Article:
Democracy and the Death Penalty
One Louisiana county accounts for half the state’s death sentences – even though it has just 5 percent of the state’s population and 5 percent of its homicides.
On Tuesday, Justice Stephen Breyer cited this fact about Caddo Parish, Louisiana, in a dissenting U.S. Supreme Court opinion arguing that the death penalty is unconstitutional. The “arbitrary” factor of geography, Breyer proposed, is a reason to think that the death sentence is cruel and unusual punishment prohibited by the Eighth Amendment.
Is Breyer right? Last June, in a case called Glossip v. Gross, Breyer filed a dissenting opinion, joined by Justice Ruth Bader Ginsburg, arguing that the death penalty was unconstitutional under all circumstances. In that opinion he also expressed concern that the accident of geography affects who gets a death sentence.
Tuesday’s opinion, also joined by Ginsburg, was a dissent from the court’s refusal to hear a capital case coming out of Caddo Parish. The opinion expands on the geography rationale in particular.
Breyer wrote the opinion partly to renew attention to his general argument, and partially because Caddo Parish is one of the most notable national outliers in death sentences. Breyer cited a New York Times article stating that between 2010 and 2014, Caddo Parish gave out more death sentences per capita 1 than any other county in the U.S.
To evaluate how convincing Breyer’s argument is, it’s worth starting with his idea that arbitrary enforcement makes the death penalty cruel and unusual. Here he draws inspiration from the Supreme Court’s 1972 opinion in Furman v. Georgia, which put capital punishment in the whole country on temporary hiatus.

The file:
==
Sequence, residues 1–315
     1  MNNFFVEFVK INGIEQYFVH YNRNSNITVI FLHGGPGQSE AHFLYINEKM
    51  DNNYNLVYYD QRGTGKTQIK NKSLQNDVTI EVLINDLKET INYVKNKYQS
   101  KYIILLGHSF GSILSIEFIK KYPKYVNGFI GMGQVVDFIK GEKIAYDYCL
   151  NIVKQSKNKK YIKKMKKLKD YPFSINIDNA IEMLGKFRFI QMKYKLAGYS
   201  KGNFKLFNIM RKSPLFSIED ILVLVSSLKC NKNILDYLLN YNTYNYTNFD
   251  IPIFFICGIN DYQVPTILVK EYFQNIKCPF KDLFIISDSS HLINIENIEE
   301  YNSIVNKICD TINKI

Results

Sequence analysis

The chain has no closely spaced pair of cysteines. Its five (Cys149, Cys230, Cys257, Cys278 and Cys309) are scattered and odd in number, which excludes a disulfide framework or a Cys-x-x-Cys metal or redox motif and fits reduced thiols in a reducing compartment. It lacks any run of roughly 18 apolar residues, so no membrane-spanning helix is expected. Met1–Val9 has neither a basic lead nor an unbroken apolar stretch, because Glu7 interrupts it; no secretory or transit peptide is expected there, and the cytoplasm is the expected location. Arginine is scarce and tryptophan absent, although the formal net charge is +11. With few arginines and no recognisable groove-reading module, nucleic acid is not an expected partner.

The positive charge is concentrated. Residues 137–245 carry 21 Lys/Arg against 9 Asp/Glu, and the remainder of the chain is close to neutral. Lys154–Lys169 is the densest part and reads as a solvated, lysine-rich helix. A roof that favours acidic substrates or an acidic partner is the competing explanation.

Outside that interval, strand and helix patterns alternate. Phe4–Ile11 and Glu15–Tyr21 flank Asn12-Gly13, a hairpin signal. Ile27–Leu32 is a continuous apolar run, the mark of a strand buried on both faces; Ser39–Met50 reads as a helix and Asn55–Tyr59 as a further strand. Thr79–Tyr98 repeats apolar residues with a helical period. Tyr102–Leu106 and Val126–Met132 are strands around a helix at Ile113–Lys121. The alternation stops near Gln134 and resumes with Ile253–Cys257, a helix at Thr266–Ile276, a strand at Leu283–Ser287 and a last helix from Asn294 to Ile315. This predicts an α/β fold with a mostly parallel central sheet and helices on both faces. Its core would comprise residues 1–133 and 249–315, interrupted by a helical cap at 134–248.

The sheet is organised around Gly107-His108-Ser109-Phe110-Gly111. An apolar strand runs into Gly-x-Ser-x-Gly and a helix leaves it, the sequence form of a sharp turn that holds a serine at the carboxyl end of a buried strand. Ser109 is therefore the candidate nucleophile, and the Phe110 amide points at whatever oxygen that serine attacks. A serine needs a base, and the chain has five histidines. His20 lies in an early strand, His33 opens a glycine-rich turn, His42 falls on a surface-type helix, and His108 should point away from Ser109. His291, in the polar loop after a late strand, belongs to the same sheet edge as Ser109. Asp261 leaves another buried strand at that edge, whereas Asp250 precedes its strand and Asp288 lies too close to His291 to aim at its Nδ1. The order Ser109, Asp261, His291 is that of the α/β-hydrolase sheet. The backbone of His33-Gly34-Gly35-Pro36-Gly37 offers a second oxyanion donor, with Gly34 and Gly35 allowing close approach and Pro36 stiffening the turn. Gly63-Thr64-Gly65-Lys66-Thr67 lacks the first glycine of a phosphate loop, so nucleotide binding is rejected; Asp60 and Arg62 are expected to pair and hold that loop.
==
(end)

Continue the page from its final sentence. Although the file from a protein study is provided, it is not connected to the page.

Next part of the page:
There was no single rationale on which five justices agreed in the Furman case. But one particularly powerful argument was that of Justice Potter Stewart, who said that the death penalty was “cruel and unusual in the same way that being struck by lightning is cruel and unusual.” Among all those who committed heinous crimes, he argued, it was “a capriciously selected random handful upon whom the sentence of death has in fact been imposed.”
Stewart and his colleagues were focused on procedural arbitrariness – the fact that judges and sometimes juries had almost unlimited discretion in deciding whom to execute.
It was partly for this reason that the court allowed the death penalty to be reintroduced in the U.S. starting in 1976. The logic was that, once laws had been improved to reduce this sort of procedural discretion, the death penalty was no longer going to be applied arbitrarily.
Breyer’s notion of arbitrariness is different. The procedures for sentencing used in Caddo Parish are no different than procedures used anywhere else.What is different in Caddo Parish seems to have been one man: former acting district attorney Dale Cox. Under district attorney Charles Scott, Cox led a series of death penalty cases. When Scott died in April 2015, Cox became acting district attorney. He attracted national attention with an interview in which he said, “I think we need to kill more people.” Other comments made Cox (a white man) seem racist, to boot.